Introduced in 1964, the Ford Mustang quickly evolved into the high-performance realm. By 1965, Shelby was already pushing boundaries with the track-focused GT350. However, it was in 1967 that Carroll Shelby took a significant step forward, unveiling the more potent Shelby GT500.

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GT500 vs. GT350

Unlike its racing-focused counterpart, the GT500 wasn’t targeted at racing enthusiasts. Instead, it boasted a more powerful FE-series 428-cubic-inch (7.0-liter) V8 engine, generating 355 horsepower in 1967, nearly 50 more than the GT350. In 1968, Shelby introduced the GT500KR, equipped with the formidable 428 Cobra Jet, rumored to exceed its official 335 horsepower rating.

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The GT500 had a three-year run until its discontinuation in 1969, though remaining unsold units were marketed as 1970 models. Shelby produced a total of 5,464 GT500s and 1,452 KR versions, with the breakdown being 2,050 units in 1967, 1,542 in 1968, and 1,872 in 1969.

GT500 Legacy and Rarity

Regarded as one of the most iconic first-generation Mustangs, the GT500 has become a highly sought-after classic. Due to its relative rarity, restored GT500s command high prices at public auctions.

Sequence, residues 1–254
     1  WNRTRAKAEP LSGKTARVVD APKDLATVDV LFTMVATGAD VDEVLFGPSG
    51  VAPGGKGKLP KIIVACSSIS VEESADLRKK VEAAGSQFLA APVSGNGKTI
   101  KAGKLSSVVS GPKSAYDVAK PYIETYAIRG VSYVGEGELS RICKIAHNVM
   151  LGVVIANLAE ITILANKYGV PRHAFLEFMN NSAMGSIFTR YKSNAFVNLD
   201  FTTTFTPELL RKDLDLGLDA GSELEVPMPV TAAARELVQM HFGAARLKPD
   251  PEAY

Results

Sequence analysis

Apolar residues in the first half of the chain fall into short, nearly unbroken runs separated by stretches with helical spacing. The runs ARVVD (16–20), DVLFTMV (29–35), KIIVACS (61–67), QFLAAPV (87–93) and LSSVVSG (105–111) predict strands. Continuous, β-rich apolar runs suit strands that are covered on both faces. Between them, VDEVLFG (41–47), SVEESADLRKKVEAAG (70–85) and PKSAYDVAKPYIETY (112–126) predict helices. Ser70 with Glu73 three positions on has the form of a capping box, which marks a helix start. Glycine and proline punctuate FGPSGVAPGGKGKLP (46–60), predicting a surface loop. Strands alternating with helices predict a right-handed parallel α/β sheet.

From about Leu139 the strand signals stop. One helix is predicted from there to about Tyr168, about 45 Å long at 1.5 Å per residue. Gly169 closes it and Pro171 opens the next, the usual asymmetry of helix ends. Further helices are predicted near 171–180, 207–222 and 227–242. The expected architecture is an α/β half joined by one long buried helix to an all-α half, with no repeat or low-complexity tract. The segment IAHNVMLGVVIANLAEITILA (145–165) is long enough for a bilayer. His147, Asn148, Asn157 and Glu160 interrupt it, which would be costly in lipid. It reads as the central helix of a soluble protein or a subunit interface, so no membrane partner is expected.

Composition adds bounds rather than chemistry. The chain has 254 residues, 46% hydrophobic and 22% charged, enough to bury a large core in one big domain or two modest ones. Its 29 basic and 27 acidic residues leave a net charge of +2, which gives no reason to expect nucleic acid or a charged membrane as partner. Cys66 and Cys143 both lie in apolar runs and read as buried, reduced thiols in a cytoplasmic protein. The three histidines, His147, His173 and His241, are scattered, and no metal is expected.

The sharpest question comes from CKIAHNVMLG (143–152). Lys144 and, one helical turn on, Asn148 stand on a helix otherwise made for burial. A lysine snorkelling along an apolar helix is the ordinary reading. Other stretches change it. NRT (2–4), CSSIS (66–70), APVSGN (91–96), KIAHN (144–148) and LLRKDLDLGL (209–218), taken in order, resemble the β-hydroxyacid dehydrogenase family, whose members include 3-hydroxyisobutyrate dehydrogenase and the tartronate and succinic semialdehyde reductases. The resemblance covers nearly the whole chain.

The featured 1968 GT500, one of only 1,140 fastbacks produced that year, stands out as a barn find. Despite being off the road since 1984, making it over 40 years by 2024, this GT500 remains a remarkable unrestored original.

The Acapulco Blue paint still shines after more than 50 years, showcasing the car’s exceptional condition. The interior is nearly pristine, hinting at possible restoration, while the engine bay retains its original patina, with the 428 V8 engine running smoothly after all these years.

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This particular GT500, being an early 1968 version, is distinguishable by its Marchal lights in the upper front grille, later replaced with Lucas units.

# FAQs: Decoding the GT500

**Q: How can you differentiate an early 1968 GT500 from later versions?**
A: Early 1968 models feature Marchal lights in the upper front grille, later replaced with Lucas units.

**Q: What is the production breakdown of GT500 units from 1967 to 1969?**
A: Shelby produced 2,050 units in 1967, 1,542 in 1968, and 1,872 in 1969, totaling 5,464 GT500s.

**Q: What makes the featured 1968 GT500 unique?**
A: This unrestored original boasts a remarkably preserved Acapulco Blue paint, a near-pristine interior, and a running 428 V8 engine with original patina.

**Q: Why is the GT500 considered an iconic first-generation Mustang?**
A: The GT500’s high performance, limited production, and classic design contribute to its status as an iconic first-generation Mustang.

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